MODULE-1 CASE STUDY CONSIDERATION. Vishwanath agrees to print a book for Balu for a consideration. The book contained certain defamatory and derogatory matters against some important person. But Vishwanath never knew about it. After printing a part of the book he discovered that it contained such libelous matter. Can Vishwanath lawfully refuse to print the remaining part of the book and claim for the work done by him? Facts of the case: 1)Vishwanath agrees to print a book for Balu for a consideration. 2)Vishwanath came to know that the book contained certain defamatory and derogatory matters against some important person. 3) Vishwanath came to know about it after printing a part of the book that it contained certain defamatory and derogatory matters. Analysis: The above case is an example of consideration. Vishwanath agrees to print the book for Balu for consideration. He will discover that the book contains certain defamatory and derogatory matters about an important person which may affect his reputation in general public. Interpretation This case has two interpretations, 1. As per the contract Vishwanath can complete the work of printing the book as per the direction of Balu and can claim the amount as per the contractual obligation. The second interpretation would be,

2. Since the book contains certain defamatory and derogatory matters against some important person it may lead to legal complication and the affected party may take legal recourse by initiating both criminal and civil action for the publication of the book, in such an event Vishwanath will also be liable and answerable for the actions committed by Balu. If the matter to be published in the book is defamatory and derogatory damaging the reputation of important person in general public, then the person who prints the book knowing well that such defamatory and derogatory matters affect the reputation of a person, the person who prints also will be liable for punishment under the criminal law and also liable to pay damages to the affected person for the damage caused along with the person who publishes.In the view of above Vishwanath can lawfully refuse to print the remaining part of the book in order to escape the liability and can claim the amount for the work done by him from Balu lawfully. Conclusion: Though Vishwanath agreed to print the book for Balu for the consideration and a contractual obligation cast upon vishwanath to complete the work but the work which is agreed by Vishwanath , if unlawful and opposed to public policy and the law of land does not permit, then the contractual agreement itself is null and void and Vishwanath is at liberty to cancel the contract and claim the amount for the work done.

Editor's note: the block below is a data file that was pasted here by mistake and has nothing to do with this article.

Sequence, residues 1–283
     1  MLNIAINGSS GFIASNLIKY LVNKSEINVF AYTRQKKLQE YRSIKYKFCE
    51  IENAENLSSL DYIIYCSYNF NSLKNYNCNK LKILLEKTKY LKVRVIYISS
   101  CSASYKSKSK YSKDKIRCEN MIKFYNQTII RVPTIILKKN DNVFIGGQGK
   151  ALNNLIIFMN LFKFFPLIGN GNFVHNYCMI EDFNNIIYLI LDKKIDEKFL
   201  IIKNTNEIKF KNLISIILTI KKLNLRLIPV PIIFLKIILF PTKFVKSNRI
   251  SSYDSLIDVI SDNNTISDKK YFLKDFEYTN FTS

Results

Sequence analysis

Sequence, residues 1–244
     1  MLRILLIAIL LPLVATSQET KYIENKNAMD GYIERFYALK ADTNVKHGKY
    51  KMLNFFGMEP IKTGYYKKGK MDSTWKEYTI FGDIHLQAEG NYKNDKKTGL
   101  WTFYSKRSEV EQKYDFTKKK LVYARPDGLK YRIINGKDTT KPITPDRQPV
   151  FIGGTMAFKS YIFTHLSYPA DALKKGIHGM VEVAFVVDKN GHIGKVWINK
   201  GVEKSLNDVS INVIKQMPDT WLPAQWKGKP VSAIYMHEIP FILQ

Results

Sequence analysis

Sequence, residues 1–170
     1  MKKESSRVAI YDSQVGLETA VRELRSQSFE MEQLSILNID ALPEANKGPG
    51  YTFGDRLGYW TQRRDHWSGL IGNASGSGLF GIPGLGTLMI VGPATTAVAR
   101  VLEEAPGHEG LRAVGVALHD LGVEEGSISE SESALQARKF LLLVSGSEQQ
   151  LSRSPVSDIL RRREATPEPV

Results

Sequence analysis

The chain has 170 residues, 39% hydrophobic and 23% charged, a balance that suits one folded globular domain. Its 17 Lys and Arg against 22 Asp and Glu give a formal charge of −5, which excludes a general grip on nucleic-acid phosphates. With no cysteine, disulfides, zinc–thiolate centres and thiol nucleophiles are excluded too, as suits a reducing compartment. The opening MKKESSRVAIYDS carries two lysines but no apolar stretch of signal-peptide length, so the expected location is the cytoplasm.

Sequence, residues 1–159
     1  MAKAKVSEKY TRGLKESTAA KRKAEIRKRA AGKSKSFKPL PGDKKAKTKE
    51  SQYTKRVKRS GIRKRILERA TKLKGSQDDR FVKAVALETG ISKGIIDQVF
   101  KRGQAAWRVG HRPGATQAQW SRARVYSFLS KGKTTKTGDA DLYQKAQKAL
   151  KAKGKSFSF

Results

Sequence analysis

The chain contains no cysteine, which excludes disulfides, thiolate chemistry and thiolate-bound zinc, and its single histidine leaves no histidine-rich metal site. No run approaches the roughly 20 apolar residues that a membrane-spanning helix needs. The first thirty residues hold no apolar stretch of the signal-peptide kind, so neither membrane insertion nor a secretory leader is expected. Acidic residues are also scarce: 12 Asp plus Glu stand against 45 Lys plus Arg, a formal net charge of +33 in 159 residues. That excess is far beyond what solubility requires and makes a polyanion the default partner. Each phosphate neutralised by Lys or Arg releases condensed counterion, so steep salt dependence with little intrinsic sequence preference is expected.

MODULE-1 CASE STUDY COERCION The exact medication and dosage is uncertain in this case but an assumption will be made regarding both. Mr. Jones, a 70-year-old man, had been to his doctors office complaining of dizziness and lightheadedness for several days after taking his new prescription of diltiazem hydrochloride, 180-mg once a day. Mr. Jones told his doctor, Dr. Smith, that his lightheadedness had become so severe that he collapsed hitting his head in the process. After this incident Mr. Jones discontinued taking his new prescription thinking it was responsible for his lightheadedness. Dr. Smith ordered a twelve-lead electrocardiogram (EKG) and diagnosed Mr. Jones as having third-degree atrioventricular (AV) block, a potentially life-threatening bradycardia. Third-degree AV block is not a stable pacemaker, and episodes of ventricular asystole are common (American Heart Association, 1994, p. 3 -15). Mr. Jones was admitted to the telemetry unit of a metropolitan teaching hospital for monitoring and tests. One day later Tracy, the night shift nurse, received report that Mr. Jones was diagnosed with third-degree AV block. However, Tracy did not recognize Mr. Jones cardiac rhythm as being third-degree AV block. A subsequent twelve-lead EKG revealed Mr. Jones as having a right bundle branch block (RBBB), a condition that does not indicate treatment. At that time, Mr. Jones heart rate was seventy to eighty beats per minute with an underlying sinus rhythm: not third-degree AV block. Curiously, Tracy asked Mr. Jones why he had been admitted and diagnosed with third-degree AV block; so, Mr. Jones told his story leading up to his doctors appointment. Because Mr. Jones was hemodynamically stable, Tracy told Mr. Jones that his heart was working fine other than some minor abnormalities in his heart rhythm. Later, Dr. Brown, the cardiologist on call, sat down with Tracy and explained that Mr. Jones third degree AV block was temporarily induced by his medication. Dr. Brown also said Mr. Jones RBBB, although benign in itself, made him extremely susceptible to the medications adverse effects. That morning Mr. Jones, feeling well and no longer in third-degree heart block, told his doctor he wanted to go home. On the contrary, Dr. Smith insisted he must stay to have a permanent pace maker inserted in his chest to counter the effects of diltiazem. Upon hearing Dr. Smiths plans, Mr. Jones refused to have the pacemaker. But Dr. Smith threatened to inform the State License Bureau that Mr. Jones was unfit to drive if he did not agree to have the